Risk Management Tools & Resources



Clinical Judgment: What Is It, and How Does It Contribute to Diagnostic Errors?

Laura M. Cascella, MA

Clinical Judgment: What Is It, and How Does It Contribute to Diagnostic Errors?

Errors in diagnosis are a serious concern in healthcare from a patient safety perspective as well as a medical liability standpoint. MedPro closed claims data show that allegations related to diagnostic errors are prevalent across specialties and healthcare locations. Closed claims data also show that clinical judgment is a major risk factor in diagnosis-related allegations.

Clinical judgment refers to the thought process (clinical reasoning) that allows healthcare providers to arrive at a conclusion (clinical decision-making) based on objective and subjective information about a patient. An article in the Journal of Evaluation in Clinical Practice explains that “Clinical judgment is developed through practice, experience, knowledge and continuous critical analysis. It extends into all medical areas: diagnosis, therapy, communication and decision making."1

Clinical judgment can involve both automatic, intuitive reasoning and analytic, reflective reasoning. These types of reasoning are not mutually exclusive; healthcare providers might switch their judgment strategy based on the circumstances they encounter. Further, because the cognitive processes involved in clinical judgment are complex, they are prone to various cognitive errors, such as faulty heuristics/cognitive biases and affective influences.2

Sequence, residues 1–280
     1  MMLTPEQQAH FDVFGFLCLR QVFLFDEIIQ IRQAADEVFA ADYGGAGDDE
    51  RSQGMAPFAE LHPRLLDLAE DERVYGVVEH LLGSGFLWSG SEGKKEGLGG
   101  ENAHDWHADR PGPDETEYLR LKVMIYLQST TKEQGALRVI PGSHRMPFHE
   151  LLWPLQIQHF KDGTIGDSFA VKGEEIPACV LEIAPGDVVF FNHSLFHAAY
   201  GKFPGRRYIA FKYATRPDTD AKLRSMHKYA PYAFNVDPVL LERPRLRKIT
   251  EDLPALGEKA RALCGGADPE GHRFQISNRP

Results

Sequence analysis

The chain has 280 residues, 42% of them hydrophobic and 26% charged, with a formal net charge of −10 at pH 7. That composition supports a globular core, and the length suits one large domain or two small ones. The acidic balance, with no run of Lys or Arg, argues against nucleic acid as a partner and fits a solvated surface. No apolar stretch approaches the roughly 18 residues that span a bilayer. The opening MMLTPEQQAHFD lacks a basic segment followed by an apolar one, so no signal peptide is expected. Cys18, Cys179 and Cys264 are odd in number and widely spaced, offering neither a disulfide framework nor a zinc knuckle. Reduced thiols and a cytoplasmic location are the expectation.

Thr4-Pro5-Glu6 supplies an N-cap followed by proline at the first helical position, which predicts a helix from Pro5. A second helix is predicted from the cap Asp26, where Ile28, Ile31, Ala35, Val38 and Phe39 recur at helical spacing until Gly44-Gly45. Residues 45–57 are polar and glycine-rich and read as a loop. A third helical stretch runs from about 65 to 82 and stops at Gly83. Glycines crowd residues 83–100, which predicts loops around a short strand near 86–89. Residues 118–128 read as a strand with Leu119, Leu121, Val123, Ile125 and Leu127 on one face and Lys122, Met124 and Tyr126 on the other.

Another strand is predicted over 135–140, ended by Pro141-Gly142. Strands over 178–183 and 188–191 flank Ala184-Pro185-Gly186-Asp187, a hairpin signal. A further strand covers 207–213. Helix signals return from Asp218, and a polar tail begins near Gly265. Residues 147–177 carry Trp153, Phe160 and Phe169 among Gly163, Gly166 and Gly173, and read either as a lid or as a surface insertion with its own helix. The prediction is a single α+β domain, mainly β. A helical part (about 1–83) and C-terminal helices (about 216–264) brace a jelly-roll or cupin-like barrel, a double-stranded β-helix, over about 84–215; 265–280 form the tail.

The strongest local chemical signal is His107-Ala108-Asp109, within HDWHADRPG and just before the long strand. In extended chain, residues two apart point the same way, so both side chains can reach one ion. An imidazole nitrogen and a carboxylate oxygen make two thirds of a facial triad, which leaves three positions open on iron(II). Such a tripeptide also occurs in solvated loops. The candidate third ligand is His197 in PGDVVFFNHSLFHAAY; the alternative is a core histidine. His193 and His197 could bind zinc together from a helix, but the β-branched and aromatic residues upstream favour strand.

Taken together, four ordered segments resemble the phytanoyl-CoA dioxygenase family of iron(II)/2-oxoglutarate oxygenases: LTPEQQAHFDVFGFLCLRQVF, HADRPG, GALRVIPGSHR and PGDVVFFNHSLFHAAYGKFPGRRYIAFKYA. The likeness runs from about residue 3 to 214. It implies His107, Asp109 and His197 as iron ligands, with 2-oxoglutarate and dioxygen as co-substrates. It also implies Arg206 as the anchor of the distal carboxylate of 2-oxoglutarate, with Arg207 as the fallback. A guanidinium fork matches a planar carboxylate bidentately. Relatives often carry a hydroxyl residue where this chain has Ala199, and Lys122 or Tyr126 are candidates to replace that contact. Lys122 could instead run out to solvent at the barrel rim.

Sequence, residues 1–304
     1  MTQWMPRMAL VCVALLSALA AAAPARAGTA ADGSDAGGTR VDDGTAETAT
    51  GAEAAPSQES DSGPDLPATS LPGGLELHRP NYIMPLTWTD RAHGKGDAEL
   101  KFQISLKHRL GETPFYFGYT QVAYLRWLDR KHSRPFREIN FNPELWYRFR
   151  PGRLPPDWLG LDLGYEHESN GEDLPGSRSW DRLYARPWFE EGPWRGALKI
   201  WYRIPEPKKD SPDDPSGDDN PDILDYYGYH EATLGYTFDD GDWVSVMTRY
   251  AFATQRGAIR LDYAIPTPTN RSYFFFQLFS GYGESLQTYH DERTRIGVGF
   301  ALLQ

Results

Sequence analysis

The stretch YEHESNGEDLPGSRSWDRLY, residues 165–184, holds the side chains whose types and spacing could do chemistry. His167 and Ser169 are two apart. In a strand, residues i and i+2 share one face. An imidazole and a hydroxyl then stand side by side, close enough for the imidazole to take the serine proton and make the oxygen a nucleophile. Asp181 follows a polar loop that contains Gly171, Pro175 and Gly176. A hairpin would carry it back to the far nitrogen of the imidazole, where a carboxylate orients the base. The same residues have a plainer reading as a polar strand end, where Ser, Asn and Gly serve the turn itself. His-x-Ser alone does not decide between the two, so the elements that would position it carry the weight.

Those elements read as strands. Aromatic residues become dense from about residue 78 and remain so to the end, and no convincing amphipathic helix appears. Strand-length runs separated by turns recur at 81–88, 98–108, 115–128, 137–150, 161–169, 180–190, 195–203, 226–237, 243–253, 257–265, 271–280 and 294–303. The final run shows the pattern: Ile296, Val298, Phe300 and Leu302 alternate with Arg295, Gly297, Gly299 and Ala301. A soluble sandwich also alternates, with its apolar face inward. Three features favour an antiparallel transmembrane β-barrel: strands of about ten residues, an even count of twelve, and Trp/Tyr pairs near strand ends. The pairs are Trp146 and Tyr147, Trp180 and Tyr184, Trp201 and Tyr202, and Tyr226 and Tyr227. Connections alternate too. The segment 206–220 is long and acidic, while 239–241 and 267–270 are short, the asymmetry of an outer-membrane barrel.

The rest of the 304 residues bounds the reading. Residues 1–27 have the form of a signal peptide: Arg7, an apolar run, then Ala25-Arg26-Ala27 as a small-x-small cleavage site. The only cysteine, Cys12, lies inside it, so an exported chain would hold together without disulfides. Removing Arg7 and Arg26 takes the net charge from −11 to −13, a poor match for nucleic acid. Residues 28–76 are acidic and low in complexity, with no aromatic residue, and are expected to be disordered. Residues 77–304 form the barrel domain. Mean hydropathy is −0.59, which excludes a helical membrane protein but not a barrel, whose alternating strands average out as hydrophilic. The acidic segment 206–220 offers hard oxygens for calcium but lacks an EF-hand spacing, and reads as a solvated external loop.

Faulty Heuristics and Cognitive Biases

The term “heuristics” refers to mental shortcuts in the thought process that help conserve time and effort. These shortcuts are an essential part of thinking, but they are also prone to error. Cognitive biases occur when heuristics lead to faulty decision-making.3 Some common biases include those listed below:

  • Anchoring. Anchoring refers to a snap judgment or tendency to diagnose based on the first symptom or lab abnormality.
  • Under-adjustment. Under-adjustment is the inability to revise a diagnosis based on additional clinical data.
  • Premature closure. Premature closure refers to the termination of the data-gathering process (e.g., patient history, family history, and medication list) before all of the information is known.
  • Primacy effect. In primacy effect, the provider has a tendency to show bias toward initial information.
  • Confirmation. Confirmation bias occurs if a clinician manipulates subsequent information to fit an initial diagnosis.
  • Availability. Availability bias can occur if a clinician considers a diagnosis more likely because it is forefront in his or her mind. Past experience and recent, frequent, or prominent cases can all play a role in availability bias.
  • Overconfidence. Overconfidence bias refers to an overestimation of an individual’s own knowledge and skill, as well as an inability to identify knowledge gaps. Overconfidence bias might result from a lack of feedback related to diagnostic accuracy, which may in turn cause clinicians to overestimate their diagnostic precision. As such, researchers suggest that overconfidence might increase as a doctor’s level of expertise increases.4

Affective Influences

Whereas cognitive biases are lapses in thinking, the term “affective influences” refers to emotions and feelings that can sway clinical judgment.5 Preconceived notions and stereotypes about a patient might influence how a healthcare provider views the patient’s complaints and symptoms. For example, if a patient has a history of substance abuse, the provider might view complaints about pain as drug-seeking behavior. Although this impulse might be accurate, the patient could potentially have a legitimate clinical issue.